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Punishment for protests

Russia has jailed the Kremlin's most prominent critic for 15 days

Russia has jailed the Kremlin’s most prominent critic for 15 days

Prominent Russian opposition leader Alexei Navalny has been jailed for 15 days for disobeying police orders during huge anti-government protests Sunday.

Navalny, a 40-year-old lawyer and activist who plans to run for president in 2018, was the organizer of protests across the country that called for the resignation of Russian Prime Minister Dmitry Medvedev over corruption allegations. The mostly unsanctioned protests, held in more than 80 towns and cities from St. Petersburg to Vladivostok, were the largest in Russia since a wave of street rallies in 2011 and 2012 over alleged electoral fraud, and were notable for the young age of the protesters. Russian newspaper Kommersant reported that about half were students.

Navalny was sentenced Monday, by the same court that fined him 20,000 rubles ($350) for organizing the protests earlier in the day.

During the hearing, Navalny was in a combative mood, asking the court to call Medvedev as a witness to account for why so many people had turned out to protest, and at one point compared the judge to his 15-year-old daughter. “When she is wrong she, like you, also becomes rude,” reporters in the courtroom quoted him as saying.

Ahead of the sentencing, Navalny posted a selfie to his Twitter account saying: “The time will come when we will judge them (but fairly).”

Navalny, who has built his political profile by railing against government corruption on his blog, was behind a report released earlier this month alleging that Medvedev had taken more than $1 billion in bribes. The Kremlin has dismissed the allegations, and on Monday rejected calls from the U.S. and E.U. to release protesters who were still being held, accusing organizers of having paid some of the crowd to attend.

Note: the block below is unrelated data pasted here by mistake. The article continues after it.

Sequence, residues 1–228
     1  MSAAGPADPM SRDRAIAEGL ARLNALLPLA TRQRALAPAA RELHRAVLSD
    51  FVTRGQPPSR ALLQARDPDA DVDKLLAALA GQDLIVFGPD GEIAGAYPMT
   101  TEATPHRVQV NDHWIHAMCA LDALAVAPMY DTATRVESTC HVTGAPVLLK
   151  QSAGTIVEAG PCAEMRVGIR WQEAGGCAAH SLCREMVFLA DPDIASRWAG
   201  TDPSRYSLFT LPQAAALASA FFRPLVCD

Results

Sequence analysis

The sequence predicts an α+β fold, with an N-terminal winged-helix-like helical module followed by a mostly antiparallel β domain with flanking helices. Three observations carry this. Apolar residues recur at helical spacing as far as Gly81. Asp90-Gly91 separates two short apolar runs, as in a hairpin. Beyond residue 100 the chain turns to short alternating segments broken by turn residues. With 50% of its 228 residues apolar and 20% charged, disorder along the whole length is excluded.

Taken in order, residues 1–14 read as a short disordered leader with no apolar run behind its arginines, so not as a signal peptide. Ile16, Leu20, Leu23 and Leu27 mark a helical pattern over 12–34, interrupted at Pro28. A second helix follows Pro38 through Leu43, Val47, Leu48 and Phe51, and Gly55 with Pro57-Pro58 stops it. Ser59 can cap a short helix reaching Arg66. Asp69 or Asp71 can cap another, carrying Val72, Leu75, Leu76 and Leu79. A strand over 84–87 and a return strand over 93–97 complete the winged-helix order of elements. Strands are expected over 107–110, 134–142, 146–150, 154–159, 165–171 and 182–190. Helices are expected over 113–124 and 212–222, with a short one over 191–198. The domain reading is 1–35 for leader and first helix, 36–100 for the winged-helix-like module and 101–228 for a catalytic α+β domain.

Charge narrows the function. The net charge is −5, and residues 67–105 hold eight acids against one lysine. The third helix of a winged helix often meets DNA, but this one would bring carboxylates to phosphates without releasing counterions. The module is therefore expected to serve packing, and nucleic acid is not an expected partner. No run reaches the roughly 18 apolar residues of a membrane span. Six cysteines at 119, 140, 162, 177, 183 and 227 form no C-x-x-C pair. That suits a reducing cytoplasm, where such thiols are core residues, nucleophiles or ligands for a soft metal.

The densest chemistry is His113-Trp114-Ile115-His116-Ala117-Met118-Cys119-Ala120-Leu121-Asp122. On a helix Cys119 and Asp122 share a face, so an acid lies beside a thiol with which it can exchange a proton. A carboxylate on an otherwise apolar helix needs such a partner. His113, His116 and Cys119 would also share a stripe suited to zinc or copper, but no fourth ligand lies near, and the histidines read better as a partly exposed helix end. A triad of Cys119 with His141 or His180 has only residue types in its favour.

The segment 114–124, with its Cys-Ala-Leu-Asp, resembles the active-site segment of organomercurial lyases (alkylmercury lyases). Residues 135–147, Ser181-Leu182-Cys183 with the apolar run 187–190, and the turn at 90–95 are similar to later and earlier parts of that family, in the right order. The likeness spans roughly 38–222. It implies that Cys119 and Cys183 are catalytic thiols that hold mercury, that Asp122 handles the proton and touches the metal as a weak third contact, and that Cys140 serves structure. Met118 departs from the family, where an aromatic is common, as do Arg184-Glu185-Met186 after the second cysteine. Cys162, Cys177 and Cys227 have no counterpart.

Kremlin spokesman Dmitry Peskov said while the government respected protesters right to voice their position, it could not respect those “who consciously misled people and who consciously did it yesterday and provoked illegal actions.”

Peskov claimed the Kremlin was “sober about the scale of yesterday’s protests, and … not inclined to diminish them or push them out of proportion.”

A Russian monitoring group, OVD-Info, said that 1,030 people had been detained at the protests in Moscow alone, with about 120 still in custody. Most of those released had been charged with taking part in an unauthorized protest. Hundreds were reportedly arrested in other cities.

Keir Giles, a director of the Conflict Studies Research Centre, told VICE News that the demonstrations, though not large in size, were remarkable in Russia’s modern political climate. He said one possible reason for the strong turnout was the arrival on the political scene of a new generation of young Russians “that thinks of things in Western liberal terms – that leadership corruption is actually something you stand up against.”

“It could be that they’re taking an entirely different view to the post-Soviet generation immediately before them, that is nostalgic for the glory days of a Soviet Union they never knew,” he said, conceding that this was “an optimistic explanation.”

Giles described Navalny as the “most popular remaining opposition leader.” “But that’s not saying much, because their popularity is measured in tiny increments compared to the current leadership,” he said.

“Post-Soviet Russia has been good at dividing any liberal democratic movements in order to make sure they don’t constitute a single opposition bloc – and of course from time to time individuals who become particularly prominent are either bought off or bumped off.”

Navalny ran for mayor of Moscow in 2013, coming in second place with about quarter of the vote behind a Kremlin appointee. He has previously been convicted and handed a suspended sentence on embezzlement charges – which were widely seen as politically motivated.

Cover: ASSOCIATED PRESS

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